An Introduction to my Durational Performance Work
I have only engaged in two durational performances. I find the form extremely challenging, but also very interesting, specifically with regards to time. For context, I have been trained in dance and so my sensibilities around performance time are tailored to the culture of dance and theatre performance. What I found so valuable in the durational work is my experience of the ‘opening up’ of time and the diminishing of the need to entertain an audience. Somehow, having hours instead of minutes to perform allows me to really dive into what I am doing. It allows me to become present in a way that I simply can’t access through other performance.
Please take a look at the durational work archive below.
AADK Centro Negra (2019)
This work was initially conceived as a dance performance, but through the process I realised it needed to be a durational work. For this work I was really trying to find my voice and create a connection between it and my movement. I was using voice as a means to process embodied memories and information that I found present in my body at the time. I recorded these sound responses and then re-processed them for a second time in a program to create a sound-score for my work.
The questions most present in my mind during this process were related to what a body contains, and where the boundaries of a body/ a being are. I went through a process of filming my body in motion, often very close up, as a means to explore the idea of a dispersed presence. I then created a film with the sound score and footage which played on a loop for the duration of the performance. In another corner of the venue I lay on a large rock. My physical presence was deliberately understated as I wanted the digital work to take up more space in the room.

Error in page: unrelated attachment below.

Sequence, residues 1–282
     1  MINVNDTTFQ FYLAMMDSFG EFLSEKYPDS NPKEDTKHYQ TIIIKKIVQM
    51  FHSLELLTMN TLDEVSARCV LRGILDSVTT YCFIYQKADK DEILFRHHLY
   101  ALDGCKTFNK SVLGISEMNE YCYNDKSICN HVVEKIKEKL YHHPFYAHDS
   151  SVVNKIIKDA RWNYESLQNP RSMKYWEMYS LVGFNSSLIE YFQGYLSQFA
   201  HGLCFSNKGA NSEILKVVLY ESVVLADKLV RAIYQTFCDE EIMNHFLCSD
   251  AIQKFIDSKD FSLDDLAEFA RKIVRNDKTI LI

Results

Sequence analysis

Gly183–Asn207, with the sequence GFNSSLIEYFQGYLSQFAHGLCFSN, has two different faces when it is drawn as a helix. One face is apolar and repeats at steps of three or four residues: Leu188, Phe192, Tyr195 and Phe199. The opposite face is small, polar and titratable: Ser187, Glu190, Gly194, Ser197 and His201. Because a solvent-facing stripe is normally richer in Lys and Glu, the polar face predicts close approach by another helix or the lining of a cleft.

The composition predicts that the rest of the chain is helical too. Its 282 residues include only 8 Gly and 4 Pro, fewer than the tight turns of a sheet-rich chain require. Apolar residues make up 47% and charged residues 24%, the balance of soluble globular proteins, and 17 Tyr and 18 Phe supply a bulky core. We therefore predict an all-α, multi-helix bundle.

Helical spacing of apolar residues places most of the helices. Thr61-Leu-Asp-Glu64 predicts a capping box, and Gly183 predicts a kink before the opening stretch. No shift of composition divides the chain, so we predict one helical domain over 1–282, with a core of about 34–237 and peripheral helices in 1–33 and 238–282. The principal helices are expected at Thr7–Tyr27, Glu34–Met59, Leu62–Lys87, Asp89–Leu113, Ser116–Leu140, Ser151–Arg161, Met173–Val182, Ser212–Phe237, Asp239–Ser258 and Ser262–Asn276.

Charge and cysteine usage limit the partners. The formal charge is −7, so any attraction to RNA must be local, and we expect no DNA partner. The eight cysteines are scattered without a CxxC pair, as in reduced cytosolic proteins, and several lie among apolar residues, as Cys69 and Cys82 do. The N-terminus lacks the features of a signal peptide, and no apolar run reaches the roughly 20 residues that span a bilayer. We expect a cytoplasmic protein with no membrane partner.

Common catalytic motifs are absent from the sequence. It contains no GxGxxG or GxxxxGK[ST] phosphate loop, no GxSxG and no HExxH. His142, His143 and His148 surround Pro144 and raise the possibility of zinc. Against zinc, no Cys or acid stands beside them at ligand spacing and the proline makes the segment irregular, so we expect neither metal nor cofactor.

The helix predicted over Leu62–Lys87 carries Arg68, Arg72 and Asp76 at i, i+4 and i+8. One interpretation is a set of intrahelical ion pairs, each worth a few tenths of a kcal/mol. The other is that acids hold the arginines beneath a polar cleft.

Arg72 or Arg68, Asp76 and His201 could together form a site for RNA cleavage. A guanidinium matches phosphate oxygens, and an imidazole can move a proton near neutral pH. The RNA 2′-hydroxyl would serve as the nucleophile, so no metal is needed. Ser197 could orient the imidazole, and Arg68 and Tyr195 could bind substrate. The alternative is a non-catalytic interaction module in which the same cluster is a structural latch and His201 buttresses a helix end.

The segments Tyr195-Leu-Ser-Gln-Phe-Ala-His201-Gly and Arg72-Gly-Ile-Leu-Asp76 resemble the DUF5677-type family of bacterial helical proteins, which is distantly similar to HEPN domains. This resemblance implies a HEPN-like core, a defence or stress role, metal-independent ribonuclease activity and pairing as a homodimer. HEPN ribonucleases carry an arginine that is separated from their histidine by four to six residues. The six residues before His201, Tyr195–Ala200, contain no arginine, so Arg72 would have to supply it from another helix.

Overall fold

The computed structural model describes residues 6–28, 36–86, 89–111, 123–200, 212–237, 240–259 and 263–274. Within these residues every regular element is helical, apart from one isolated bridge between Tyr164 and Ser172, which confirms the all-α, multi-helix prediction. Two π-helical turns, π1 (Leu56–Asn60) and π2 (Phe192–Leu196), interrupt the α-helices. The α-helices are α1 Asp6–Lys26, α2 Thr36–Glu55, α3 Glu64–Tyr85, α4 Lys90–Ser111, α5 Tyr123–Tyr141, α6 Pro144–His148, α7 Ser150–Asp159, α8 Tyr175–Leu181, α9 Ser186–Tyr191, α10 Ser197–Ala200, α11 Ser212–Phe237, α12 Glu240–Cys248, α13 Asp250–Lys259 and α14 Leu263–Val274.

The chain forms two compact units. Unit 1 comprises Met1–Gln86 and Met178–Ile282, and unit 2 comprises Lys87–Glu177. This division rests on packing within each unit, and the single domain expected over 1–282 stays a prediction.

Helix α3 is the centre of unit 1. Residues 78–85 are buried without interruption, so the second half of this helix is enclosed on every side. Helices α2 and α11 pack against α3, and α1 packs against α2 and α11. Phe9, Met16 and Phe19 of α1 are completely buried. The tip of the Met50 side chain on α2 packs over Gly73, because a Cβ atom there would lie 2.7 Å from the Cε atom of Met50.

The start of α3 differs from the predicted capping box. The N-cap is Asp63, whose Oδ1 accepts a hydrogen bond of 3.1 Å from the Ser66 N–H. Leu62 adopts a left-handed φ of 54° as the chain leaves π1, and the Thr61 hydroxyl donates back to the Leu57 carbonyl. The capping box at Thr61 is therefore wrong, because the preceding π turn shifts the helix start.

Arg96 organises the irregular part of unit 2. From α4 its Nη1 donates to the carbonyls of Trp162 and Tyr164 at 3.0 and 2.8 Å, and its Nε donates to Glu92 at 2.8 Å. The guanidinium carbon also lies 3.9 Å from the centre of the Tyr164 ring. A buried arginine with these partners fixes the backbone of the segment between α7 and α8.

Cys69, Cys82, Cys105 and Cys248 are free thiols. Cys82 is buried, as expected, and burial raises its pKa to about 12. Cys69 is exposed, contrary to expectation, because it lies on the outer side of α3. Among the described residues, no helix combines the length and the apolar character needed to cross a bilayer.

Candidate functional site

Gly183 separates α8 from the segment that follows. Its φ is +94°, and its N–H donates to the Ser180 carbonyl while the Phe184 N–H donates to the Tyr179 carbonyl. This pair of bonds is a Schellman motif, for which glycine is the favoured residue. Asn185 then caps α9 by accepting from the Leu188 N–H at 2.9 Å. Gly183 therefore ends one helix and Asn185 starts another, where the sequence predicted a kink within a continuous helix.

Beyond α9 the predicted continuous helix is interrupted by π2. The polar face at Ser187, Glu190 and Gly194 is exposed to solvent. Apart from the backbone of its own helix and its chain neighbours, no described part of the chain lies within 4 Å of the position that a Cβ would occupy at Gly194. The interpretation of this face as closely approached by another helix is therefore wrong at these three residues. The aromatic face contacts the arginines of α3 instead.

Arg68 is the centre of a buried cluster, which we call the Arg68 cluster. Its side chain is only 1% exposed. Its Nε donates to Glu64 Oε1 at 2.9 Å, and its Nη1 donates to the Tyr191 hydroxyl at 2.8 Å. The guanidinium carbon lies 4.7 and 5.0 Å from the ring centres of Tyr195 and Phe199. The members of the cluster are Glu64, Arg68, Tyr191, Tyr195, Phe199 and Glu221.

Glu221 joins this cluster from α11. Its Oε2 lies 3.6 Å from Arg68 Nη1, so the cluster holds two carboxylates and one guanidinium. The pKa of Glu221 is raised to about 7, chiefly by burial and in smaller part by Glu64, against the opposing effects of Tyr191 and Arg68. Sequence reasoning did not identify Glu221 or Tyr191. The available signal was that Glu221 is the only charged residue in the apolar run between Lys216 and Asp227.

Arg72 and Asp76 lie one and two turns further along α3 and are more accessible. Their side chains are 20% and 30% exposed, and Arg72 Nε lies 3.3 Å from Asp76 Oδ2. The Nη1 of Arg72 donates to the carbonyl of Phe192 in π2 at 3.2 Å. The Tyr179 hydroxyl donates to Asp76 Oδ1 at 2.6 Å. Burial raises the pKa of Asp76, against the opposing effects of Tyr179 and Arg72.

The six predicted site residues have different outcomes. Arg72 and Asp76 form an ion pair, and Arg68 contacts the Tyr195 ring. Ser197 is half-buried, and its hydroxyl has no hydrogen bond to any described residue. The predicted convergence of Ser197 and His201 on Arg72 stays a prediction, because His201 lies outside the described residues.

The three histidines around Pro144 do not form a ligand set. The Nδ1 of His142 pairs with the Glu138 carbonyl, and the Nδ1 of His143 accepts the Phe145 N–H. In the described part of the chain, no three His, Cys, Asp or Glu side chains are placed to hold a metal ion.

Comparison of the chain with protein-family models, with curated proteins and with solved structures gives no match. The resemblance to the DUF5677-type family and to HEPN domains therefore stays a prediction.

When we were older (2018)
Performed in 2018 as part of ARCADE, a pop-up Live Art Platform, at the Theatre Arts Admin Collective in Cape Town, South Africa. Programme curated by Gavin Krastin. Costume designed by Julia de Rosenwerth & made by Shelagh de Rosenwerth. Photos by Mark Aranha.
When we were older was an extension of some of the ideas present in Split. At the time of creating When we were older I was interested in creating an ambiguity of space and time. I hung a lot of chairs from the ceiling and also attached the corners of my wide costume to the ceiling, so that it would lift and rise as I moved very slowly around the room. I perceived the dress as an extension of my skin, which created a deformation of my human form and an extension of my presence. I found my proprioception built throughout the performance to encompass the dress, as well as the beams to which the dress was attached. Finally, I also covered my entire face, so that I could not see. I was interested to know what would happen to my other senses if I shut off my very dominant vision and was also interested to know how this this visual confusion of form affected the audience, in conjunction with the hanging props in the room.